"It is a promising finding," said Doctor Jason J. Wolff of UNC's Carolina Institute for Developmental Disabilities (CIDD). "At this point, it is a preliminary albeit great first step towards thinking about developing a biomarker for risk in advance of our current ability to diagnose autism."
The study also suggests, Wolff said, that autism does not appear suddenly in young children, but instead develops over time during infancy. This raises the possibility "that we may be able to interrupt that process with targeted intervention," he said.
The results are the latest from the ongoing Infant Brain Imaging Study (IBIS) Network, which is funded by the National Institutes of Health and headquartered at UNC. Piven received an NIH Autism Centres of Excellence (ACE) program network award for the IBIS Network in 2007. ACE networks consist of researchers at many facilities in locations throughout the country, all of whom work together on a single research question.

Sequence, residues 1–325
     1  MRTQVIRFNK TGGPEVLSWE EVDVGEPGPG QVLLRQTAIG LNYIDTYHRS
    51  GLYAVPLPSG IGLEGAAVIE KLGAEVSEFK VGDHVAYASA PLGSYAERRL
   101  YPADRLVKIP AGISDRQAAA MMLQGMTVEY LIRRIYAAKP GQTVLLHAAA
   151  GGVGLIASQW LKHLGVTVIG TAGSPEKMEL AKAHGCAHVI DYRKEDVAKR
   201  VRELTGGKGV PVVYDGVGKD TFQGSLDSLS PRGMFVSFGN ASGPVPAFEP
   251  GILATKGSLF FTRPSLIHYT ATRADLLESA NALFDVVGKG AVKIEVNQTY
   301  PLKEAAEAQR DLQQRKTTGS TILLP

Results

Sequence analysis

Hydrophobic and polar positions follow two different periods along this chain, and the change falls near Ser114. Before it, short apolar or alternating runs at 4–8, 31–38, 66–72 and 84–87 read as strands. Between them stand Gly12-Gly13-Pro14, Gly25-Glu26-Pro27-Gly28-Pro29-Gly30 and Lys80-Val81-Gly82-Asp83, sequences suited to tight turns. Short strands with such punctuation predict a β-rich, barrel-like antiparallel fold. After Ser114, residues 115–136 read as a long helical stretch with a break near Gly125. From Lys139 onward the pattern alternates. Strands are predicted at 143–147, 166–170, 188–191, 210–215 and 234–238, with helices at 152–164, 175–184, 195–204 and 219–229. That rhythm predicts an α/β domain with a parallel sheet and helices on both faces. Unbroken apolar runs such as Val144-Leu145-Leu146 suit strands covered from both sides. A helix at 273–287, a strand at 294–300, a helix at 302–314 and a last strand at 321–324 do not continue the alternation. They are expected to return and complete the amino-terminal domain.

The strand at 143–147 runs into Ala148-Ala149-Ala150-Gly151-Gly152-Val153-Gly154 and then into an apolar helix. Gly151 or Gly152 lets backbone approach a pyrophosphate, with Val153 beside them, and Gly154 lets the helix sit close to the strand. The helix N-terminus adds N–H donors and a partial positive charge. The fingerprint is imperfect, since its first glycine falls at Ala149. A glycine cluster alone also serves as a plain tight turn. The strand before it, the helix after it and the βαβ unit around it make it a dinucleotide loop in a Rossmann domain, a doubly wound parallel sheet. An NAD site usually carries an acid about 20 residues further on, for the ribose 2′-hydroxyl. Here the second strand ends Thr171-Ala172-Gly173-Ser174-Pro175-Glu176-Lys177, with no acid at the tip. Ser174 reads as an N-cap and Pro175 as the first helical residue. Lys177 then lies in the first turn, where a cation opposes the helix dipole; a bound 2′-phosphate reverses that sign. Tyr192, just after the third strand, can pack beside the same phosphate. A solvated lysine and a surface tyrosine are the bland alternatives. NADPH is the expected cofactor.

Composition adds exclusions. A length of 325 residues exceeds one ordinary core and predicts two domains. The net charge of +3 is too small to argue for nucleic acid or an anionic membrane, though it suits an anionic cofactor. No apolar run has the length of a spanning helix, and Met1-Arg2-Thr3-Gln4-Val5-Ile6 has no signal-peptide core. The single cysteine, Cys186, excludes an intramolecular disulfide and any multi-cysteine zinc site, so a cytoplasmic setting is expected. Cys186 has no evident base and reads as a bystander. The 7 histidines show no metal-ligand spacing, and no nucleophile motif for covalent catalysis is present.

Participants in the study were 92 infants who all have older siblings with autism and thus are considered to be at high risk for autism themselves. All had diffusion tensor imaging – which is a type of magnetic resonance imaging (MRI) – at 6 months and behavioural assessments at 24 months. Most also had additional brain imaging scans at either or both 12 and 24 months.
At 24 months, 28 infants (30 per cent) met criteria for autism spectrum disorders while 64 infants (70 per cent) did not. The two groups differed in white matter fibre tract development – pathways that connect brain regions – as measured by fractional anisotropy (FA). FA measures white matter organization and development, based on the movement of water molecules through brain tissue.
This study examined 15 separate fibre tracts, and found significant differences in FA trajectories in 12 of the 15 tracts between infants who did develop autism versus infants who did not. Infants who later developed autism had elevated FA at six months but then experienced slower change over time. By 24 months of age, infants with autism had lower FA values than infants without autism.
"This evidence, which implicates multiple fibre pathways, suggests that autism is a whole-brain phenomenon not isolated to any particular brain region," Wolff said.
MEDICA.de; Source: University of North Carolina